Stirring the Pot: Life after MN Legislative Session

Originally posted in Blandin eNews…

I hope that the screeching halt to the legislative session does not bring an equally painful pause to community efforts to improve Minnesota’s broadband progress.  Those areas with quality broadband are moving fast ahead of the unconnected places.  Economic developers forced to work on improving broadband are left at the starting gate while developers in connected communities are supporting creative entrepreneurs, transforming their workforce to meet tomorrow’s needs and creating a place in the global economy for their community.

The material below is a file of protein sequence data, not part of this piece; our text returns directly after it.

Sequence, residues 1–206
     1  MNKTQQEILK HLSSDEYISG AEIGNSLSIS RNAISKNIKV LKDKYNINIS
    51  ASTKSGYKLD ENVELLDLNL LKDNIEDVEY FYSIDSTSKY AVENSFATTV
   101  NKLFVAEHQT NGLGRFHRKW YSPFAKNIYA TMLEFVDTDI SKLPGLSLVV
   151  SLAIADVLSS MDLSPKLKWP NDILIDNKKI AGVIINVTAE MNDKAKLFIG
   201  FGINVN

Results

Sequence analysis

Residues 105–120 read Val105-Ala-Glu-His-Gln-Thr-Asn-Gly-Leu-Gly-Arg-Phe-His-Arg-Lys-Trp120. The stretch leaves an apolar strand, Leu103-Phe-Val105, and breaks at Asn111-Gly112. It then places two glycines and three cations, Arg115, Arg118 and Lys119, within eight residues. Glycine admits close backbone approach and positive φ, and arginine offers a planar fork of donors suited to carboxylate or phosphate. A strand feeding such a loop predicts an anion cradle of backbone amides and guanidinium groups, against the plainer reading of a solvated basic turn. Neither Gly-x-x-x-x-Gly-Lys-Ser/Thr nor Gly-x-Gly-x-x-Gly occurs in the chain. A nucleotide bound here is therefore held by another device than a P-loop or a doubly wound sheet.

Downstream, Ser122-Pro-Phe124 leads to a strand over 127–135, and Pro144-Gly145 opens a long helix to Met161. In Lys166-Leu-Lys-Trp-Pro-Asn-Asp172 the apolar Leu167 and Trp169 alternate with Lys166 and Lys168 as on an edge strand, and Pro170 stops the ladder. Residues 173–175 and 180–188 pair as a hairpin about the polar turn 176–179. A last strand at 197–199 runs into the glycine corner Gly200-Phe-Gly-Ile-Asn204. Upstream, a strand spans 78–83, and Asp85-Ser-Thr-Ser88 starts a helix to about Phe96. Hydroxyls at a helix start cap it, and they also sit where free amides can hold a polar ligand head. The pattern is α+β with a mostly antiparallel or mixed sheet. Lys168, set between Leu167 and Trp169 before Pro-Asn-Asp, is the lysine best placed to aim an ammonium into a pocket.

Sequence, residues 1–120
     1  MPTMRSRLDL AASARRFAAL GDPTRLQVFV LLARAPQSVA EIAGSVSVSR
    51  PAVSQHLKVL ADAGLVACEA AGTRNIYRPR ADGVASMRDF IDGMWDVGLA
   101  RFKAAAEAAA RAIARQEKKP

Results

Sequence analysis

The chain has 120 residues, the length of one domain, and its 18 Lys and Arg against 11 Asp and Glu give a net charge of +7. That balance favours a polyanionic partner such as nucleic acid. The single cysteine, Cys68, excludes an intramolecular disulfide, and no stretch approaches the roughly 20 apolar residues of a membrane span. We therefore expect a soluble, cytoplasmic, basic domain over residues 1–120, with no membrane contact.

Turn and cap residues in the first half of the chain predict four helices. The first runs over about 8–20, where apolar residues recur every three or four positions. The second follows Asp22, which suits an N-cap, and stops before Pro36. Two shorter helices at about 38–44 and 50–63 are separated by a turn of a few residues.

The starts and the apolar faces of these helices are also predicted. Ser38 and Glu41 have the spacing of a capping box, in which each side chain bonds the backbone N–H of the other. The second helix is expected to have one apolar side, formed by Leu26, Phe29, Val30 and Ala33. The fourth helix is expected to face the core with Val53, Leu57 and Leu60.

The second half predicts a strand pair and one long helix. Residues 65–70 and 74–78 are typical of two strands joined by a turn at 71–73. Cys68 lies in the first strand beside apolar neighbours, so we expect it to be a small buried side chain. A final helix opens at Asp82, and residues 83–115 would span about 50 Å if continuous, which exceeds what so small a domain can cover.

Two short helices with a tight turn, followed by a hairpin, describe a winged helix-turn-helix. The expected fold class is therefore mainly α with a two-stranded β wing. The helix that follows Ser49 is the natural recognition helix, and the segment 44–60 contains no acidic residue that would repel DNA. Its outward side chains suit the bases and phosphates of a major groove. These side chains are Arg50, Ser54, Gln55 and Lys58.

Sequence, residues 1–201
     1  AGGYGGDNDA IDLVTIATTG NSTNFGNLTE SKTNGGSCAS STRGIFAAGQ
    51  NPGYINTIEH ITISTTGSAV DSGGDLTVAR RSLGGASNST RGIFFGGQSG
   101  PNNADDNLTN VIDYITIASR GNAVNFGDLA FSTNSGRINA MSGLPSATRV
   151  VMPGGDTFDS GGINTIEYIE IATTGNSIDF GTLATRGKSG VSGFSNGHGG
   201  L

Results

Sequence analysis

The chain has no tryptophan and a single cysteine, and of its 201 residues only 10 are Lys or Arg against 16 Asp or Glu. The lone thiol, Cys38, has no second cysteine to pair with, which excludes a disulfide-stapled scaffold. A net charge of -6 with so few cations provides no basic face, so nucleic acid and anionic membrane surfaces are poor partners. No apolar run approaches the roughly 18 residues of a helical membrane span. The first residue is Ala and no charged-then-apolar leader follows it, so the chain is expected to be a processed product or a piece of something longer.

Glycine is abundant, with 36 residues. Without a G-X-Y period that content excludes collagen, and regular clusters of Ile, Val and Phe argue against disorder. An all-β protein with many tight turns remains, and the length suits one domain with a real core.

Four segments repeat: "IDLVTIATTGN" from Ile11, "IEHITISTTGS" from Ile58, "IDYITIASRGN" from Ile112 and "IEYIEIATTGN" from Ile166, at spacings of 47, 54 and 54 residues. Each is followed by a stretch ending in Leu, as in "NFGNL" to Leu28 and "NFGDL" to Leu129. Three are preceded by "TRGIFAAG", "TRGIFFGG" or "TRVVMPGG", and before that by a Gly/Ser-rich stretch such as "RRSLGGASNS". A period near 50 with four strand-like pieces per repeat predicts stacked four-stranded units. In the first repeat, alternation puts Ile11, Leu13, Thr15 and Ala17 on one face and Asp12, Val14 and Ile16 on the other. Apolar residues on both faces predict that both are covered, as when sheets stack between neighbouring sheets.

The loss of $15 million to the Border to Border grant is a huge blow to the many rural places – counties, cities and townships – that have been organizing, strategizing and perfecting broadband implementation plans.  The lack of state funding will put more onus on local resources to fill the gap the provider partners need to make their business case – whether their ROI hurdle is 36, 60 or 120 months.  Communities will have to be smart in how they participate in these projects.  If the funding balance swings too far to the public side, public ownership of networks will require serious consideration.  Communities can then decide whether to partner with a single or with multiple operators to offer services over the public infrastructure.  There are excellent working models for this framework around the country and elsewhere.

 

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